Regarding the art of war, we find a certain cultural contradiction in trying to explain how a warrior differs from a soldier or a fighter, as outwardly they are engaged in the same thing – fighting. However, these roles have fundamental internal differences and different patterns of behaviour on the battlefield.
How is a warrior different from a soldier?
A warrior is a person who has several distinctive features in the structure of his psyche:
- he has been brought up in a warrior culture
- He has an innate warrior character
- he has been trained to fight since childhood
- principles, honour, valour are important to him
- has certain personal qualities: fearlessness, bravery, heroism, etc
- he remains a warrior even in peacetime
Warrior is not a role a man occupies in wartime, but his character, in accordance with which he acts, communicates and lives. Principles and honour remain important for him, even in times of peace, whereas a soldier in times of peace stops being a soldier and becomes what he was before. A soldier sees war as an opportunity for fulfilment, he feels comfortable there, and he often volunteers for it. For them war is a dangerous and unnecessary burden, whereas for a soldier it is a practically natural environment. We can’t say that they feel themselves under ideal conditions there, but we can say that it’s warriors who have the most favorable psychological background in war.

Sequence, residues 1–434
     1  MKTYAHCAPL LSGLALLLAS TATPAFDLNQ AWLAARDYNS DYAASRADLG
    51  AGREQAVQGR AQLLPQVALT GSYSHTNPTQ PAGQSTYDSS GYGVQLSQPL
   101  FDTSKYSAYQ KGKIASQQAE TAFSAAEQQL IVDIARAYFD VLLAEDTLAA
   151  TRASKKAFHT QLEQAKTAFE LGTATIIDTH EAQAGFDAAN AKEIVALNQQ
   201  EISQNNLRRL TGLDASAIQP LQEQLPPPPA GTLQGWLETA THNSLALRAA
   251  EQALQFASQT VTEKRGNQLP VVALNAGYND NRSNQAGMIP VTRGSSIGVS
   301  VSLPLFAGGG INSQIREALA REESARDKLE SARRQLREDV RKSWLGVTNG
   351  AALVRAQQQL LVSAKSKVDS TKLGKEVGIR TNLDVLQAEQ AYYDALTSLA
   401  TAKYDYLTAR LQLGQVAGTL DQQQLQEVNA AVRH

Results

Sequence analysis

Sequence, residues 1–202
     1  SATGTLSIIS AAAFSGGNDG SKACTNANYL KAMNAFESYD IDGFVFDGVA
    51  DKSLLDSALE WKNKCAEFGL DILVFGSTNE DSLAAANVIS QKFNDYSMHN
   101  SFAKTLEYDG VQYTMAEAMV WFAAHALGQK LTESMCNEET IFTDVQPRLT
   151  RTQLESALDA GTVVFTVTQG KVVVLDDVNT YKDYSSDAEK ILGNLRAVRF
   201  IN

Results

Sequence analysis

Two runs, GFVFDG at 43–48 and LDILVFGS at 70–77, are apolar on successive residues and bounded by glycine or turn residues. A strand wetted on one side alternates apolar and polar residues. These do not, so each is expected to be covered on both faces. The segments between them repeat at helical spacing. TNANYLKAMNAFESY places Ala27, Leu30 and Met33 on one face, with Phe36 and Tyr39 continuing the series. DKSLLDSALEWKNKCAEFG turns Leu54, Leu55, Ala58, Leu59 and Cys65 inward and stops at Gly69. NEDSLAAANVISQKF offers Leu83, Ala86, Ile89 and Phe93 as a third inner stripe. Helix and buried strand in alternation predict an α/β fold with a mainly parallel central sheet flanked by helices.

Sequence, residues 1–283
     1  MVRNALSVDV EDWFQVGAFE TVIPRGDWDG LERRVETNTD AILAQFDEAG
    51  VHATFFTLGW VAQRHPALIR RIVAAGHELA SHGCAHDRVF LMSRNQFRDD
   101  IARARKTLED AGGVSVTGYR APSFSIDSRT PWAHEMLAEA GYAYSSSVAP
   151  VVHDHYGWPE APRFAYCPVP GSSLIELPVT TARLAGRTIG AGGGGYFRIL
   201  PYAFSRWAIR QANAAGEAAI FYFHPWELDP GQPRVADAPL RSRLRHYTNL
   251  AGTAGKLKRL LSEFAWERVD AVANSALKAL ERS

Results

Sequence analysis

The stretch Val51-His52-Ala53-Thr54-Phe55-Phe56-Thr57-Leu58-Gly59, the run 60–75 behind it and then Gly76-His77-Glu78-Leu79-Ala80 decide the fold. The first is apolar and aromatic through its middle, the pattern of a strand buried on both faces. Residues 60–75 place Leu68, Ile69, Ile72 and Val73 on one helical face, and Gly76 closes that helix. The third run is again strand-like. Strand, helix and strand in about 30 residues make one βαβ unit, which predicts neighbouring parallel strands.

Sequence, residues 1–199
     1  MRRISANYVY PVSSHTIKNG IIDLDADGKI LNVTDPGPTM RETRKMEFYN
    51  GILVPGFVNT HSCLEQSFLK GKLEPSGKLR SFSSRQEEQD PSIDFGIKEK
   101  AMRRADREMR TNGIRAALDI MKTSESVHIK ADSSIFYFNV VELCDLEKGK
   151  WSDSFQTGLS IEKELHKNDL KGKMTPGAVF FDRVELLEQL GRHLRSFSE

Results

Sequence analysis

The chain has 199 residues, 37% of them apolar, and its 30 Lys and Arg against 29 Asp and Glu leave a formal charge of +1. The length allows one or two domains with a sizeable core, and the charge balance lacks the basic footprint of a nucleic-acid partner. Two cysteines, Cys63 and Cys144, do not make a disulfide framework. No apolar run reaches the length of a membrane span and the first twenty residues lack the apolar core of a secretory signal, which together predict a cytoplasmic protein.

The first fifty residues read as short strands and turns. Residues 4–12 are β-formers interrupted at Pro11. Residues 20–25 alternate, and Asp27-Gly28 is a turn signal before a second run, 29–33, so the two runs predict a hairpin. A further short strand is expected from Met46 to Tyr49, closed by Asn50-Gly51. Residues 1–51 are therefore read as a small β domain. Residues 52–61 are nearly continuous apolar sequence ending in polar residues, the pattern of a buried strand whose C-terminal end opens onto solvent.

In combat, a warrior differs from a soldier in that he does not retreat under the influence of panic, fear or a sense of danger. A warrior may retreat to regroup or occupy a more comfortable position, but panicked retreat is uncommon among such men. Soldiers, on the other hand, may indeed scatter in the event of a dangerous situation.
Warrior is an individual and relies on his skills, qualities, abilities and ability to interact with his peers. That is to say, they are pronounced individualists who perform individually best. These are, for example, ace pilots or members of elite special forces units. A soldier acts in formation, unconditionally following the orders of officers, he relies on the entire formation and the interaction of the entire troop, rather than the closest comrade, as warriors do.
Regarding effectiveness, it should be understood that one-on-one soldier versus warrior, for the most part, doesn’t stand a chance. A warrior is a born warrior, his skills and psychological abilities are far superior to those of a soldier. A warrior is trained from birth, and sincerely invested, whereas a soldier is trained directly in the army, or during a war if things are really bad.
However, war is not fought in isolated one-on-one battles, but in entire battles, preceded by long manoeuvres, preparation, planning, tactics, strategy, supply, etc. On the scale of war, the influence of a fighter’s individual skills on the outcome of a battle drops dramatically. The larger the scale, the more noticeable it becomes that a trained formation of soldiers is more effective on a strategic scale than a crowd of individualists.